Probe into Japan beer firm’s links to Myanmar rights abuses ‘inconclusive’

Japanese beer giant Kirin said Thursday an investigation into whether money from its joint ventures with the Myanmar military had funded rights abuses was “inconclusive”. Myanmar stands accused of genocide at the UN’s top court after a brutal 2017 crackdown by the military forced 750,000 northern Rakhine Muslims to flee to refugee camps in Bangladesh.

After mounting pressure from rights groups and UN investigators, Kirin Holdings last year asked consultancy group Deloitte to determine how the money from its business tie-ups with Myanmar military-owned breweries had been used.
“Unfortunately, the assessment was inconclusive as a result of Deloitte being unable to access sufficient information required to make a definitive determination,” Kirin said. It is “wholly unacceptable” for any proceeds from the joint ventures to be used for military purposes, its statement added. Myanmar denies committing genocide, justifying the 2017 operations as a means of rooting out the Arakan Rohingya Salvation Army armed group.

The military also stands accused of widespread abuses in its operations to stem insurgencies by various other ethnic minority groups in the country’s restive borderlands. The New York-based Human Rights Watch urged Kirin Holdings Company, Ltd. to publish its investigation report on the military-owned Myanmar Economic Holdings Ltd. (MEHL) and swiftly cut ties with the company. “Kirin should regain some trust of consumers, investors, and rights groups by releasing the details of its investigation into the operations of its Myanmar military business partner,” said Phil Robertson, deputy Asia director at Human Rights Watch. “Kirin’s business association with MEHL raises serious human rights concerns that need urgent action, not further obfuscation behind an investigation whose results are kept secret.”

In its January 7 statement, Kirin said the investigation by Deloitte was “inconclusive as a result of Deloitte being unable to access sufficient information required to make a definitive determination.” Kirin said the investigation aimed to determine the “destination of proceeds received by” MEHL from Myanmar Brewery Ltd. (MBL) and Mandalay Brewery Ltd. (MDL), and that it would provide “further update” on its business activities in Myanmar by the end of April. Kirin owns a majority stake in Myanmar Brewery Ltd. and Mandalay Brewery Ltd. in partnership with the military-owned-and-operated MEHL. In 2015, Kirin bought 55 percent of Myanmar Brewery Ltd., 4 percent of which it later transferred to the military-owned firm. In 2017, Kirin acquired 51 percent of Mandalay Brewery Ltd. in a separate joint venture with the firm.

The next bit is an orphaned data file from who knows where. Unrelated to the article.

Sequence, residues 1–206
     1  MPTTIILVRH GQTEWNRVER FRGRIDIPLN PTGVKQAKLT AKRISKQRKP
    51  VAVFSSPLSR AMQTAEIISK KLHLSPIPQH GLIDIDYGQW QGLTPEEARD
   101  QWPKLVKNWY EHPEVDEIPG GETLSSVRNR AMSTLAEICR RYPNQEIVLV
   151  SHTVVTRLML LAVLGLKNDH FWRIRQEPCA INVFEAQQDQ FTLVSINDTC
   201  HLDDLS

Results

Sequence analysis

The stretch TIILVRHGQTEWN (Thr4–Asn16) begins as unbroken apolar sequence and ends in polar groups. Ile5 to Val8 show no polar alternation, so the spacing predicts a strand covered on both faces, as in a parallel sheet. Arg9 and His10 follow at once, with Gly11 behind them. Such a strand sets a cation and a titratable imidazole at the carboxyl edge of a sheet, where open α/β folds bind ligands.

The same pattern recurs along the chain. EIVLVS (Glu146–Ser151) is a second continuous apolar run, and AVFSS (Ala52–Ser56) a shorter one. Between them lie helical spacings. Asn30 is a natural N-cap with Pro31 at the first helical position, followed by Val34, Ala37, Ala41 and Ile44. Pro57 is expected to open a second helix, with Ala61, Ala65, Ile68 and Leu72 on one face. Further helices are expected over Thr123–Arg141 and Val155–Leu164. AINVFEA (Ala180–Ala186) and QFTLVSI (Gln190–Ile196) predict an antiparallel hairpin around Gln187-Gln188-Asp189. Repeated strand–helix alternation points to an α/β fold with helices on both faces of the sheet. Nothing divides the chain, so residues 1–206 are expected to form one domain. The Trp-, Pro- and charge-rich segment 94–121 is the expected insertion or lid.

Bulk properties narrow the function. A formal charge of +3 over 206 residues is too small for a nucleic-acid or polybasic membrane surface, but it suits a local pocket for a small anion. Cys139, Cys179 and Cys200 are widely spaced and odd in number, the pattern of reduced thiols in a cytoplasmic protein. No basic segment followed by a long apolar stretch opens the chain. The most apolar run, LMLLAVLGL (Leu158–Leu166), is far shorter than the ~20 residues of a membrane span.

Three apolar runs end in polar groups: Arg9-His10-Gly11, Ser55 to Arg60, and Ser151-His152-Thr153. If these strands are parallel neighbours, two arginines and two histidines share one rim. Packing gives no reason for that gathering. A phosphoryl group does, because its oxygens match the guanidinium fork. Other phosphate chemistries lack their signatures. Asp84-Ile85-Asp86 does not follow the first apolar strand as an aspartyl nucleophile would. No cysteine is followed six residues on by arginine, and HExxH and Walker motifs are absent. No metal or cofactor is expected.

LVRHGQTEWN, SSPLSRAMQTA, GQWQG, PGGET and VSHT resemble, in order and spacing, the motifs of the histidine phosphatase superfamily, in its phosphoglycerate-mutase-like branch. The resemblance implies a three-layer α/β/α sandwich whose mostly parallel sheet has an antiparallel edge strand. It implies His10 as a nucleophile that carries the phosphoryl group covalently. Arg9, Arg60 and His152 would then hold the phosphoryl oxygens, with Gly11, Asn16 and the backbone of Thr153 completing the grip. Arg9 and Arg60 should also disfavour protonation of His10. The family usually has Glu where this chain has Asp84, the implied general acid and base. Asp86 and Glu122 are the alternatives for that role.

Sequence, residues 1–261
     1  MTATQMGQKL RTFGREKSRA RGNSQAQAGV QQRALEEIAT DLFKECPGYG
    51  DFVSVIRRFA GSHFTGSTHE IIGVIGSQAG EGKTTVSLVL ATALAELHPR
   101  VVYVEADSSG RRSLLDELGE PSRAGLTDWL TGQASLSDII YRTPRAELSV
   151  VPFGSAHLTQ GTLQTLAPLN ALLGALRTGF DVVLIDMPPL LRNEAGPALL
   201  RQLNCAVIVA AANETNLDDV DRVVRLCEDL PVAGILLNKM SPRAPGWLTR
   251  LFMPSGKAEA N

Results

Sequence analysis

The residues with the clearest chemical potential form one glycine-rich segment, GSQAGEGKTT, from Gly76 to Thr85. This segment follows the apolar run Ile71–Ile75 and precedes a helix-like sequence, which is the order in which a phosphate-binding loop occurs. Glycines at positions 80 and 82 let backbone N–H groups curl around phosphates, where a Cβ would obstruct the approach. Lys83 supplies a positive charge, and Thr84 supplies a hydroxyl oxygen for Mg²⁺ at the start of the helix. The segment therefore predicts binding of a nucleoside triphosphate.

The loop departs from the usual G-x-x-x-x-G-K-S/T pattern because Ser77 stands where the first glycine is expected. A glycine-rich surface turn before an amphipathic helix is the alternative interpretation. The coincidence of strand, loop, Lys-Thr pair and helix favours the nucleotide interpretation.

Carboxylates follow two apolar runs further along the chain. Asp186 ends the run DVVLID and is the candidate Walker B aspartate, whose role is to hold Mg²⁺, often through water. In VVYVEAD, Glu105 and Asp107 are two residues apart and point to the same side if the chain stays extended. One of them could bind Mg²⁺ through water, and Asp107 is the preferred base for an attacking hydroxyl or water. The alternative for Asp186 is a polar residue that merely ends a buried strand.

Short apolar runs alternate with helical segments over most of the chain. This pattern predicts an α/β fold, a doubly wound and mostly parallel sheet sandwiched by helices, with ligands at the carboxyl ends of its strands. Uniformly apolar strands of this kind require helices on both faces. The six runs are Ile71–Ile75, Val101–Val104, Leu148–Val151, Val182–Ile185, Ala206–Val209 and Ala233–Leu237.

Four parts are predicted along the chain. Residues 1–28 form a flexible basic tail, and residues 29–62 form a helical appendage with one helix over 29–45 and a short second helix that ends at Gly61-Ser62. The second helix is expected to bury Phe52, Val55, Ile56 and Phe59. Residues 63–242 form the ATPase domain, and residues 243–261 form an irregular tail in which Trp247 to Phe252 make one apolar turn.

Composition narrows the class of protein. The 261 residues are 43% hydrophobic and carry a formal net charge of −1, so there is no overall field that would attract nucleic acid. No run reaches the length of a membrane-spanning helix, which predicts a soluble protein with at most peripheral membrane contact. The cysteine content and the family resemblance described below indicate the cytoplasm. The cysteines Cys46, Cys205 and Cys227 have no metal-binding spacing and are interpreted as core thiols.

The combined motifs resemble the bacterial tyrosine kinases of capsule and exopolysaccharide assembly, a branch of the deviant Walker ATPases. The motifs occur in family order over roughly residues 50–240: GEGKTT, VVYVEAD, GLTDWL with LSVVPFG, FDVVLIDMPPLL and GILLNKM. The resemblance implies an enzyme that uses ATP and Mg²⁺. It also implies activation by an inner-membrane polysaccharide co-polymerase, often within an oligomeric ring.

Myanmar Brewery, whose beverages include its flagship and ubiquitous Myanmar Beer brand, on its own boasts a market share of nearly 80 percent, according to figures published by Kirin in 2018. Kirin said Thursday it would uphold a suspension of dividend payments from both breweries that was originally issued in November. A United Nations-backed Fact-Finding Mission on Myanmar reported in 2018 that atrocities committed by Myanmar’s armed forces “rise to the level of both war crimes and crimes against humanity.”

In a September 2019 report, the panel concluded that “any foreign business activity” involving Myanmar’s military and its conglomerates Myanmar Economic Holdings Ltd. and Myanmar Economic Corporation pose “a high risk of contributing to or being linked to, violations of human rights law and international humanitarian law.” “It’s been more than a year since the UN Fact-Finding Mission strongly advised foreign companies to cut their ties with the Myanmar military, yet Kirin is still dragging its feet with what should be a clear decision,” Robertson said.
“Kirin should realize that the longer their involvement with the Myanmar armed forces, the greater their risk of complicity in military abuses, further tarnishing the company’s human rights record,” he added. Myanmar’s military did not answer calls for comment.

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Source: Myanmar Times

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